Recent studies have suggested that Vitamin D deficiency is correlated with severe COVID symptoms, and one has showed that it is linked to increased risk of contracting COVID.
We’ve known for years that Vitamin D levels correlate with immune function. A meta-analysis and systematic review showed that supplementing with Vitamin D significantly reduced the risk of respiratory infections. The dosages used ranged from 800-2000 IU per day. Not surprisingly, the effect was greater for those who were deficient in Vitamin D, meaning they had blood levels < 25nmol/L.
Given its role in immune function and respiratory illness, researchers have been exploring whether vitamin D levels may help reduce the effects of COVID-19.
Some evidence suggests that having low Vitamin D might make you more likely to be hospitalized with COVID-19.
Researchers in Spain found that 80% of patients in one hospital with severe COVID-19 symptoms were vitamin D deficient. Hernandez et al, Journal of Clinical Endocrinology & Metabolism 2020.
Researchers in Iran found that there was a 51.5% decreased risk of death in COVID patients > 40 years old who had sufficient vitamin D levels (>30ng/mL) Maghbooli, ZM, et al PLoS ONE 2020.
Other research has indicated that low Vitamin D levels may make you more susceptible to getting COVID. (Kaufman, HW, Et al. PLoS ONE 2020). Researchers at the University of Chicago found that being vitamin D deficient (< 20nmol/L) nearly doubled your risk of testing positive for COVID. Meltzer, D JAMA Network Open 2020.
So Does this Mean That taking Vitamin D can prevent and Treat COVID-19?
The above studies don’t prove that vitamin D levels will reduce severe COVID cases. Nor does it mean that taking Vitamin D will significantly reduce risks on contracting COVID. But they certainly indicate that the connection needs to be explored.
The best way to establish the effectiveness of vitamin D supplementation would be to have randomized control studies. Then after several have been done, a more definitive conclusion can be made from meta-analyses and systematic reviews like the study mentioned above regarding respiratory infections.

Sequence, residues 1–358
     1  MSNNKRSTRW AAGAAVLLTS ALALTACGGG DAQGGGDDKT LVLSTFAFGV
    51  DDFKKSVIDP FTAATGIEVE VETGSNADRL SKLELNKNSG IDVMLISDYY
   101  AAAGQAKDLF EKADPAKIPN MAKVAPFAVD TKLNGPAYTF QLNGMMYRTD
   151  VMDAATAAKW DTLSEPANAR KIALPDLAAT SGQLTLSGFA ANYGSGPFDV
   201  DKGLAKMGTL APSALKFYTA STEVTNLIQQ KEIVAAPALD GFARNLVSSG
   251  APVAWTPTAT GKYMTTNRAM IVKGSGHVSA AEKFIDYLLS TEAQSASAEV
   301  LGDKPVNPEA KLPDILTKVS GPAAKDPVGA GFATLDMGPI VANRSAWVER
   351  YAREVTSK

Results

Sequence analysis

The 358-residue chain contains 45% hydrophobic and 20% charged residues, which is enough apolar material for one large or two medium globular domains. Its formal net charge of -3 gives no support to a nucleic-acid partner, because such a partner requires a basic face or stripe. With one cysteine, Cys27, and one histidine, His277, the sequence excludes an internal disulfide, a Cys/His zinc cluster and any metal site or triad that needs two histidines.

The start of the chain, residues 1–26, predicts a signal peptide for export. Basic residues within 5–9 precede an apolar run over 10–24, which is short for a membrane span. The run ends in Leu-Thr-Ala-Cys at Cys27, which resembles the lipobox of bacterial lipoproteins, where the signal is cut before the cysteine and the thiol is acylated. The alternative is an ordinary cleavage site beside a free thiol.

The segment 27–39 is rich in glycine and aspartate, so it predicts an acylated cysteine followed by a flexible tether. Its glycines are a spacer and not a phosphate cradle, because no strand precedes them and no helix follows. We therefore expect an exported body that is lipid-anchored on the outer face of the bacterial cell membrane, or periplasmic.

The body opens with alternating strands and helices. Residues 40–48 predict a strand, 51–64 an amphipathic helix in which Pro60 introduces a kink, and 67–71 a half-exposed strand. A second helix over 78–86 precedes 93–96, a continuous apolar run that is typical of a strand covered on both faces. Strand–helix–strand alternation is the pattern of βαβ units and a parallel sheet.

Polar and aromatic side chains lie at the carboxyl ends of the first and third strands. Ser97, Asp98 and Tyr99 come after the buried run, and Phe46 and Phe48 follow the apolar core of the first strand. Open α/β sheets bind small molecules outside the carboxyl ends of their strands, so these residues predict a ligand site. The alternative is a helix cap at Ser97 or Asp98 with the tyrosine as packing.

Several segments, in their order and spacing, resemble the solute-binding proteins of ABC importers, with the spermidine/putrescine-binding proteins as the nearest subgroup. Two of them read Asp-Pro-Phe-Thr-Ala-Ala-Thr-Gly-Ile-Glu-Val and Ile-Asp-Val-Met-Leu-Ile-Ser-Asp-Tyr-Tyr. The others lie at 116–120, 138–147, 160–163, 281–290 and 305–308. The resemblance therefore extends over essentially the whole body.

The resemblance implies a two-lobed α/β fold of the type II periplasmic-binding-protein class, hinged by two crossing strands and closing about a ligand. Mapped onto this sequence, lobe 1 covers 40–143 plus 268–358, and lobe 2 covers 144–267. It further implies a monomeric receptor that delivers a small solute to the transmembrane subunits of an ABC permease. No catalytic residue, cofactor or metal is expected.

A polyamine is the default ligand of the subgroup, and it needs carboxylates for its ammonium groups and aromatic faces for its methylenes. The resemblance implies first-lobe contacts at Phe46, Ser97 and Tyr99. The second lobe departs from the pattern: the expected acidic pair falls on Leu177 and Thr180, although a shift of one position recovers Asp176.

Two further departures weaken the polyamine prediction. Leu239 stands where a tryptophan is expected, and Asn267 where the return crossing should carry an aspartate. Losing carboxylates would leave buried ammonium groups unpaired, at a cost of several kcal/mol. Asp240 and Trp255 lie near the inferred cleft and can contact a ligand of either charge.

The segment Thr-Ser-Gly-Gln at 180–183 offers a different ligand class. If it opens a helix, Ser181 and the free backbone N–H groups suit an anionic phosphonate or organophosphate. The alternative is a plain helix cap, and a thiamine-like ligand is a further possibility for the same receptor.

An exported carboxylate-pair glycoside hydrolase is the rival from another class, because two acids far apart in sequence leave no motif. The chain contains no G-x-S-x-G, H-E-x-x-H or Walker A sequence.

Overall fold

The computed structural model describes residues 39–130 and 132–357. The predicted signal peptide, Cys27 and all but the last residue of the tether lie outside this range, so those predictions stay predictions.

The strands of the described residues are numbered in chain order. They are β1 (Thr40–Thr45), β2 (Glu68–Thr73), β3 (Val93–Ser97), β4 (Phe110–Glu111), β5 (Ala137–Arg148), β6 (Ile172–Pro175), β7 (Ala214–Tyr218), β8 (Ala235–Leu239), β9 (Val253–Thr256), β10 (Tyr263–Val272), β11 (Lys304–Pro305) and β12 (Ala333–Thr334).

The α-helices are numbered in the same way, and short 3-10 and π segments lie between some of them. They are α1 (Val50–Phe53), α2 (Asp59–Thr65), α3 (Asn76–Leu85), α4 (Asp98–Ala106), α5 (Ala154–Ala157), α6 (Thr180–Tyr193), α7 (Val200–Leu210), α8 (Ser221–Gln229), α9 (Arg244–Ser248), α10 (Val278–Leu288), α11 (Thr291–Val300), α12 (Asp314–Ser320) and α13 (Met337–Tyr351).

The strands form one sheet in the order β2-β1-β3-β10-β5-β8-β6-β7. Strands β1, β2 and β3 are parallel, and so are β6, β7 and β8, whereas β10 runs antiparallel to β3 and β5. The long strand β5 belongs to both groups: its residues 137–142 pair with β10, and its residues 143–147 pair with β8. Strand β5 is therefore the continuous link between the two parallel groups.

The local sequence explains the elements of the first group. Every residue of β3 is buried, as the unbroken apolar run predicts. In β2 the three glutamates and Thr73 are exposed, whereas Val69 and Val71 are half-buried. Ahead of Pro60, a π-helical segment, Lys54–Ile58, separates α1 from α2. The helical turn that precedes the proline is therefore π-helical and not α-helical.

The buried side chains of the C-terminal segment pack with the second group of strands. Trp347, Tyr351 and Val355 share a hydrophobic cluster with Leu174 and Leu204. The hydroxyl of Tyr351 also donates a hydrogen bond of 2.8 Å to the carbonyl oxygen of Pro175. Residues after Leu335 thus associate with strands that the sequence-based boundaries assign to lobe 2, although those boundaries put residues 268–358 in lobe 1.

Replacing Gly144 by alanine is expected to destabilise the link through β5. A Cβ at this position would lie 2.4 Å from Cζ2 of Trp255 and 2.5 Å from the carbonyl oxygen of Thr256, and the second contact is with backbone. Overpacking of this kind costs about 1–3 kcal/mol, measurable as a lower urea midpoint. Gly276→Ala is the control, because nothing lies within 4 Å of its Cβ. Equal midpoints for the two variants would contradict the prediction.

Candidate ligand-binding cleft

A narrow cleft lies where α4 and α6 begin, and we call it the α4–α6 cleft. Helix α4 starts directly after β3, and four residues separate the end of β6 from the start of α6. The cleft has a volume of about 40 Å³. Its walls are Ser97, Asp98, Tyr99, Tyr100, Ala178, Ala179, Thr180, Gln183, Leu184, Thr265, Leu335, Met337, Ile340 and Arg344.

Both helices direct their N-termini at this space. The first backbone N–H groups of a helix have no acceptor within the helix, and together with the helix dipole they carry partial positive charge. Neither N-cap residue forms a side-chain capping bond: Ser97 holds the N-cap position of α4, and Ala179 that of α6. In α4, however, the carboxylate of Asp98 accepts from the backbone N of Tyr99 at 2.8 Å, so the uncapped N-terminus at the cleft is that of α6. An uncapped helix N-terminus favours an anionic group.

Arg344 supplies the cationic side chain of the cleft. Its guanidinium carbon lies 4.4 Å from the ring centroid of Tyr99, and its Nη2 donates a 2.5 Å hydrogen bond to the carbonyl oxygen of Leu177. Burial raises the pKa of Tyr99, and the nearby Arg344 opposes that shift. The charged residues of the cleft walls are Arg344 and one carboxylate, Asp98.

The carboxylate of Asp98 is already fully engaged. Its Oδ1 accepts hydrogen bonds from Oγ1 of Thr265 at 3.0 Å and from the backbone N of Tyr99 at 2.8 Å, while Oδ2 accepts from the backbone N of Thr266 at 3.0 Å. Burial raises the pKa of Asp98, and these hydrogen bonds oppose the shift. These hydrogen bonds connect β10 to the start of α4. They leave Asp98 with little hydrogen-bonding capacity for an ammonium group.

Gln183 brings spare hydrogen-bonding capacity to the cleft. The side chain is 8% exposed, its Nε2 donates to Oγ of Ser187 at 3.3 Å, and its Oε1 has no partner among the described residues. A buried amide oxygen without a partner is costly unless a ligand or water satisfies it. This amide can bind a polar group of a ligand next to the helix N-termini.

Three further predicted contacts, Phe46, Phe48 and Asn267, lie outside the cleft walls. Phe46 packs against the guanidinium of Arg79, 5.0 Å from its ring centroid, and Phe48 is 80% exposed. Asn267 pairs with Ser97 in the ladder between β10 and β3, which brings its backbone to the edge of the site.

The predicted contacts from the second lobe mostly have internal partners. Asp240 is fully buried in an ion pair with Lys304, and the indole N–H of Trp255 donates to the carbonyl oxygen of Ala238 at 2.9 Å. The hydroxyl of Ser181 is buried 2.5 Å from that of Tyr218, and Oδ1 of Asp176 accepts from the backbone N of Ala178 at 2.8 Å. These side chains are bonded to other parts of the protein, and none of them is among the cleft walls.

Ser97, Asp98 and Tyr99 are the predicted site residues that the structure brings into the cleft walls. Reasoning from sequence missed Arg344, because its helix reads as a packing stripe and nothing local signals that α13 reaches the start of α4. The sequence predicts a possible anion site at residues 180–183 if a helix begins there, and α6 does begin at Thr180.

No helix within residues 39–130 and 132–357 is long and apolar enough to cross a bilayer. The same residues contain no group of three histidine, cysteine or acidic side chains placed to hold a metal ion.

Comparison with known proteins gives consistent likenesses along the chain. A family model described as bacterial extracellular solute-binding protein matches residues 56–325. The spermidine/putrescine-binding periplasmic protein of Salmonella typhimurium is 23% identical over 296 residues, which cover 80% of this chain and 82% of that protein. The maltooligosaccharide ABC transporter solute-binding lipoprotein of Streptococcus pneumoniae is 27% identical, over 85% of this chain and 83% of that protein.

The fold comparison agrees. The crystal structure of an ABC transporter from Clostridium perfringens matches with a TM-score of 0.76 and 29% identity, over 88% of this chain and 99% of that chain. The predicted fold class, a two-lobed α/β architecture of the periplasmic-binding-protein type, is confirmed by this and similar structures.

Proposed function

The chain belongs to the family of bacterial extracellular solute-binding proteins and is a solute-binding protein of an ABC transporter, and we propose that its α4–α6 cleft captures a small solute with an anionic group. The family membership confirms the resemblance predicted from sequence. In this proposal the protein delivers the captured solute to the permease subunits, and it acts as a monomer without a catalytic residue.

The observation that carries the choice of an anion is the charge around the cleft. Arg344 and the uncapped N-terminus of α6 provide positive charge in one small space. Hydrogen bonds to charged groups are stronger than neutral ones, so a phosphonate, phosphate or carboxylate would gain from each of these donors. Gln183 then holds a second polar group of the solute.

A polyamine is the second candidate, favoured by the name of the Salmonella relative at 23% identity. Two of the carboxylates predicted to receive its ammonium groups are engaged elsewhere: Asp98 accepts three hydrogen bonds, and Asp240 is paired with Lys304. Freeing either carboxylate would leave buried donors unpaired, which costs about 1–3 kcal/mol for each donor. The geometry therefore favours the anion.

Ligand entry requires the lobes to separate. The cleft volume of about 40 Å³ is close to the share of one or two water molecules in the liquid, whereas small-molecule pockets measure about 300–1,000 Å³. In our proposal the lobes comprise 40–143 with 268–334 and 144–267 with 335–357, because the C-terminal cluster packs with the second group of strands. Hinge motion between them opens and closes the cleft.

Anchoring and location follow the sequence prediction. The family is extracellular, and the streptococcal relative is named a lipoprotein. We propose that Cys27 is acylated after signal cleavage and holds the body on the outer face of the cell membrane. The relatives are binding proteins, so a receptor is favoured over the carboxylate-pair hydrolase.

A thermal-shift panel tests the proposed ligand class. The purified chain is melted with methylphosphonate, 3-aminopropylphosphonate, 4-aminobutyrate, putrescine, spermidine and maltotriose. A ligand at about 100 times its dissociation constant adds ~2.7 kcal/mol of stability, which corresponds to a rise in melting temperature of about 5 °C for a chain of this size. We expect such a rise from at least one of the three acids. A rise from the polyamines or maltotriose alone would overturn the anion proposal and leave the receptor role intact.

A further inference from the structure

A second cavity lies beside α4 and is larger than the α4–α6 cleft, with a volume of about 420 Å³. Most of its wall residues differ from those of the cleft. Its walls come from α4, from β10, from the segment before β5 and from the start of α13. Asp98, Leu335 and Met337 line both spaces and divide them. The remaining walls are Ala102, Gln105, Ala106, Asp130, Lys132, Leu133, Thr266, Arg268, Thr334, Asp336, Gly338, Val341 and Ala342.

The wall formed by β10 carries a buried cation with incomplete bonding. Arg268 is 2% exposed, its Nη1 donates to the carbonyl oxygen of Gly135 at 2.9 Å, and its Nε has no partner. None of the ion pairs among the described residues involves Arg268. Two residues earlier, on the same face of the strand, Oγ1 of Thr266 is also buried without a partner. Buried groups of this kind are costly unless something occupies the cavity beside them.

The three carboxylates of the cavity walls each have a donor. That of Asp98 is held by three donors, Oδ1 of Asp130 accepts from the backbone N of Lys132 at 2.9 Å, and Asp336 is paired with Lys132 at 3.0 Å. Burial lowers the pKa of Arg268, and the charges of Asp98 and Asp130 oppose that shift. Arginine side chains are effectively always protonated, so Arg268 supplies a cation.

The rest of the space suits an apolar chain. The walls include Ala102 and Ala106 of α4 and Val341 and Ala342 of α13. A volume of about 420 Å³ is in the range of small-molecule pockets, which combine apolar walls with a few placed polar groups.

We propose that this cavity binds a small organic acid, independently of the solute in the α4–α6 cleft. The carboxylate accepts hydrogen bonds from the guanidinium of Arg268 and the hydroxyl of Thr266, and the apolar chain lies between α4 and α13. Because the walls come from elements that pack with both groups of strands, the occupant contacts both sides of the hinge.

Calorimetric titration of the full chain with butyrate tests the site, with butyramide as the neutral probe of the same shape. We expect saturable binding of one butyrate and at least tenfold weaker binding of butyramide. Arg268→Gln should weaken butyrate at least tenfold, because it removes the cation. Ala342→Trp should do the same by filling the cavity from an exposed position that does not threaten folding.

Unfortunately, such studies can take a while to finish. Fortunately, researchers are moving fast given the seriousness of the pandemic and the relatively low risk of vitamin D supplementation.
Recently, researchers from Spain have already completed a randomized clinical study on using high doses of vitamin D to treat those who have been hospitalized with COVID. The findings are very promising: of the 50 who received it, only 1 regressed to needing the ICU and none died. Of the 26 patients who did not receive the vitamin D, 13 needed the ICU and 2 died. (Entrenas Castillo M, Entrenas Costa LM, Vaquero Barrios JM, et al. “. J Steroid Biochem Mol Biol. 2020).
More randomized control trials are underway to determine the effectiveness of Vitamin D supplementation on treating COVID.
So Should You Supplement with Vitamin D?
There is good evidence that having adequate vitamin D levels is essential for a variety of reasons, including immune function, bone health, and muscle strength. Now it seems we can add reduced COVID severity to one of its potential benefits.
There is also good evidence to suggest we don’t get enough vitamin D from our diet and from the sun, especially in certain climates or times of the year.
Add to that the fact that toxicity is very rare and the cost is low.
The effects of supplementation are likely related to your level of deficiency. Deficiency is regarded as having levels less than 30ng/mL by the Endocrine Society and most hospitals, although the National Academy of Medicine list 20 as the cut off. You can have your Vitamin D levels easily assessed by a blood test ordered by your doctor.
If you are deficient, there are varying strategies recommended to increase your levels. Some recommend taking 50000IU a week for 4-6 weeks, then reducing that level to 50000 every 2 weeks thereafter for maintenance until you maintain levels of 40-50ng/mL. This is the approach recommended by Dr. Michael Holick, MD, Professor at BU Medical Center and author of The Vitamin D Solution.
For those without deficiency, lower recommendations are given. Dr. JoAnn Manson, MD of Harvard Medical School who is conducting a study on the effects of Vitamin D supplementation as a treatment to reduce hospitalization and death for those diagnosed with COVID, advises supplementing with 1000-2000IU/day.
This might vary by your age, blood tests, sun exposure, and other factors so it’s best to discuss with your doctor.
Meanwhile, given what we know about vitamin D; the benefits, and the recent findings about vitamin D, it’s likely a good idea to supplement.